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Soc Sci Med. 2014 Oct;119:98-105. doi: 10.1016/j.socscimed.2014.08.017. Epub 2014 Aug 19.

What must I do to succeed?: narratives from the US premedical experience.

Author information

1
University of Michigan, Department of Sociology, Literature Sciences and the Arts Bldg., Rm #3001, 500 S. State Street, Ann Arbor, MI 48109-1382, USA. Electronic address: linkathy@umich.edu.
2
University of Michigan, Department of Sociology, Literature Sciences and the Arts Bldg., Rm #3001, 500 S. State Street, Ann Arbor, MI 48109-1382, USA.
3
University of Pittsburgh, Katz Graduate School of Business, 312 Mervis Hall, Pittsburgh, PA 15620, USA.
4
Center for Bioethics and Social Sciences in Medicine, University of Michigan, North Campus Research Complex, 2800 Plymouth Road, Bldg. 16, Rm. 430W, Ann Arbor, MI 48109-2800, USA.
5
University of Michigan, Department of Sociology, Literature Sciences and the Arts Bldg., Rm #3001, 500 S. State Street, Ann Arbor, MI 48109-1382, USA; Center for Bioethics and Social Sciences in Medicine, University of Michigan, North Campus Research Complex, 2800 Plymouth Road, Bldg. 16, Rm. 430W, Ann Arbor, MI 48109-2800, USA; University of Michigan Medical School, Department of Learning Health Sciences, 209 Victor Vaughan Building, SPC 2054, 1111 E. Catherine St., Ann Arbor, MI 48109-2054, USA; University of Michigan Medical School, Department of Obstetrics & Gynecology, North Campus Research Complex, 2800 Plymouth Road, Bldg. 16, Rm. 430W, Ann Arbor, MI 48109-2800, USA; Maastricht University/CAPHRI School for Public Health and Primary Care, Postbus 1256, 6201 BG Maastricht, The Netherlands.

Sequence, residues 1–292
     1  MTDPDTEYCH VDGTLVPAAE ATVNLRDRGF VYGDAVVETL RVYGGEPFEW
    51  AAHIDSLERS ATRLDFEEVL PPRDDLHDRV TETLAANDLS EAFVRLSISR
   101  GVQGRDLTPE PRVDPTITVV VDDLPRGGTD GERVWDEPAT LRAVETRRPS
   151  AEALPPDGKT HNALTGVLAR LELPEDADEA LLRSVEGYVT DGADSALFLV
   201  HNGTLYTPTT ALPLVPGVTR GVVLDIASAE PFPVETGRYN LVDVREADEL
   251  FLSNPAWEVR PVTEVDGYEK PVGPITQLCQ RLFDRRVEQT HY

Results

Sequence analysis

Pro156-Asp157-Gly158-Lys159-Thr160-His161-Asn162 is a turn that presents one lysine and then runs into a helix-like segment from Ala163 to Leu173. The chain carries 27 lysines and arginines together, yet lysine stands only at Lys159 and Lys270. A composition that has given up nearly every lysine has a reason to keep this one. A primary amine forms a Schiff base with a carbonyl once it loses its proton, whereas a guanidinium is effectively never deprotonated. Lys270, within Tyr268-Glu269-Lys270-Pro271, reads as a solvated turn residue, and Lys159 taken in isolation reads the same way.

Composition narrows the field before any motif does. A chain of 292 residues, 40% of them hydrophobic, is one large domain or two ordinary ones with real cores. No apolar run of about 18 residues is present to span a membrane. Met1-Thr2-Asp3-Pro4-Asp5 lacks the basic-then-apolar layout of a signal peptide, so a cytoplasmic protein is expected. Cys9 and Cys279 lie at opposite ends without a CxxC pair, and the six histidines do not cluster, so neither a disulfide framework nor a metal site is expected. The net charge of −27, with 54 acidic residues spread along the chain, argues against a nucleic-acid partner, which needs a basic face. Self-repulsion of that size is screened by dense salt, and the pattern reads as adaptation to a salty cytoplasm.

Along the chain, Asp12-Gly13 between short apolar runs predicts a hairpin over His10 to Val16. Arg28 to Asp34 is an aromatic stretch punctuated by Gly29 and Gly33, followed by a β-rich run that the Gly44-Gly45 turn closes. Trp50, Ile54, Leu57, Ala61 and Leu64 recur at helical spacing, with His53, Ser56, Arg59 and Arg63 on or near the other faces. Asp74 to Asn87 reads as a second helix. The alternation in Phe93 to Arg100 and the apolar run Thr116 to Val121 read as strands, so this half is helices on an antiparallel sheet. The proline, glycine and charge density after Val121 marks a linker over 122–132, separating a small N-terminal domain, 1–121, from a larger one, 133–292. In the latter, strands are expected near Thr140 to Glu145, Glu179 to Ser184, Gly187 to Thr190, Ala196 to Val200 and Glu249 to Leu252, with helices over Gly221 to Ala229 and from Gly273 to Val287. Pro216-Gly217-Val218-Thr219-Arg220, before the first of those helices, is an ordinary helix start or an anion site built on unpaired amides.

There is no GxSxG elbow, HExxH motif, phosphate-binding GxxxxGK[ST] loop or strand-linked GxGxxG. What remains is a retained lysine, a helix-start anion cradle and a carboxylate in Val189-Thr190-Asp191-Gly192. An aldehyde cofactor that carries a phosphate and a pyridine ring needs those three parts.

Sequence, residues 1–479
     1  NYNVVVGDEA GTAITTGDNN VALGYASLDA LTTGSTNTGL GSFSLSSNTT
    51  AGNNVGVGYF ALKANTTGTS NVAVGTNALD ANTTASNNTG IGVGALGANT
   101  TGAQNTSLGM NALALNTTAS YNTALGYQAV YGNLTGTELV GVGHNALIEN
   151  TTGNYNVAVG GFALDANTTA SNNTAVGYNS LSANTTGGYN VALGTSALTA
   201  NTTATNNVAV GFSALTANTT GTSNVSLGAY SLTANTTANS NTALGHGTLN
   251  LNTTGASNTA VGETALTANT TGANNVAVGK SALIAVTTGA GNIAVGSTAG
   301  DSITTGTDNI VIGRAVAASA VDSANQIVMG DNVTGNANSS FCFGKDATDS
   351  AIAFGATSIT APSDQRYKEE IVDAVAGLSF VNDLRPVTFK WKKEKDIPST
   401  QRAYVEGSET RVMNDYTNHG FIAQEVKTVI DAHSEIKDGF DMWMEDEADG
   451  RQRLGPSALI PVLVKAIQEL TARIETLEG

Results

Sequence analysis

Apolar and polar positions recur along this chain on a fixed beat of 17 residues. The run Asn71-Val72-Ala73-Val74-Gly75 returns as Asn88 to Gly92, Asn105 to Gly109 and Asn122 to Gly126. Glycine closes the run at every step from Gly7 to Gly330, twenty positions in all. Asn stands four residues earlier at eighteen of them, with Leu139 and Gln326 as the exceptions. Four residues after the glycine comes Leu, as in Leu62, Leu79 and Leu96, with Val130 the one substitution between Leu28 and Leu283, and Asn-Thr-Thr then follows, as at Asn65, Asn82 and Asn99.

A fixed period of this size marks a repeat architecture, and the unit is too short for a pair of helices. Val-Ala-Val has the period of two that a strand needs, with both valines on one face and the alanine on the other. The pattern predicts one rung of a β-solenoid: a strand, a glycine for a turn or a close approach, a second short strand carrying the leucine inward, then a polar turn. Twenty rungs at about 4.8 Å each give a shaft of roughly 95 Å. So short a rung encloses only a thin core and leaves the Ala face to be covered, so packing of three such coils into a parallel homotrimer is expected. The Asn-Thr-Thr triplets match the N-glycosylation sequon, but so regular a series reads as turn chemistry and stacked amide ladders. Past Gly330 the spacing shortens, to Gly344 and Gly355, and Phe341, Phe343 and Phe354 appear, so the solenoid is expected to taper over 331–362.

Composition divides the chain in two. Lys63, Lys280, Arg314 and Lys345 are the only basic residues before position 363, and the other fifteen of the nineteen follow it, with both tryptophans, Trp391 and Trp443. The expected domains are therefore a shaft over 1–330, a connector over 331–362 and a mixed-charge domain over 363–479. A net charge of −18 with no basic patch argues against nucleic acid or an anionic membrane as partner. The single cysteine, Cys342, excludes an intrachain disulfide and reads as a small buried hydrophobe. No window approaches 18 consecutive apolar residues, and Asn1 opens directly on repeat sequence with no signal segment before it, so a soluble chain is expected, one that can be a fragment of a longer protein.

Abstract

How does a lay person become a doctor? How is a physician made? These questions have been central to work of medical sociologists for well over a half-century. Despite this abiding focus on socialization, nearly all of the literature on this process in the US is informed by studies of the medical school and residency years, with almost no empirical attention paid to the premedical years. Our study addresses this gap in knowledge. To better understand the premedical years we conducted 49 in-depth interviews with premedical students at a selective, public Midwestern university. We found that students understand and explain decisions made during the premedical years with narratives that emphasize the qualities of achievement-orientation, perseverance, and individualism. We also find that these qualities are also emphasized in narratives employed to account for the choice to collaborate with, or compete against, premedical peers. Examination of premedical narratives, and the qualities they emphasize, enriches our understanding of how premedical education shapes a physician's moral development, and underscores the need to include the premedical years in our accounts of "becoming a doctor."

KEYWORDS:

Hidden curriculum; Medical socialization; Moral education; Premedical education; Professionalization; Qualitative; US

PMID:
25163642
PMCID:
PMC4252792
DOI:
10.1016/j.socscimed.2014.08.017
[Indexed for MEDLINE]
Free PMC Article

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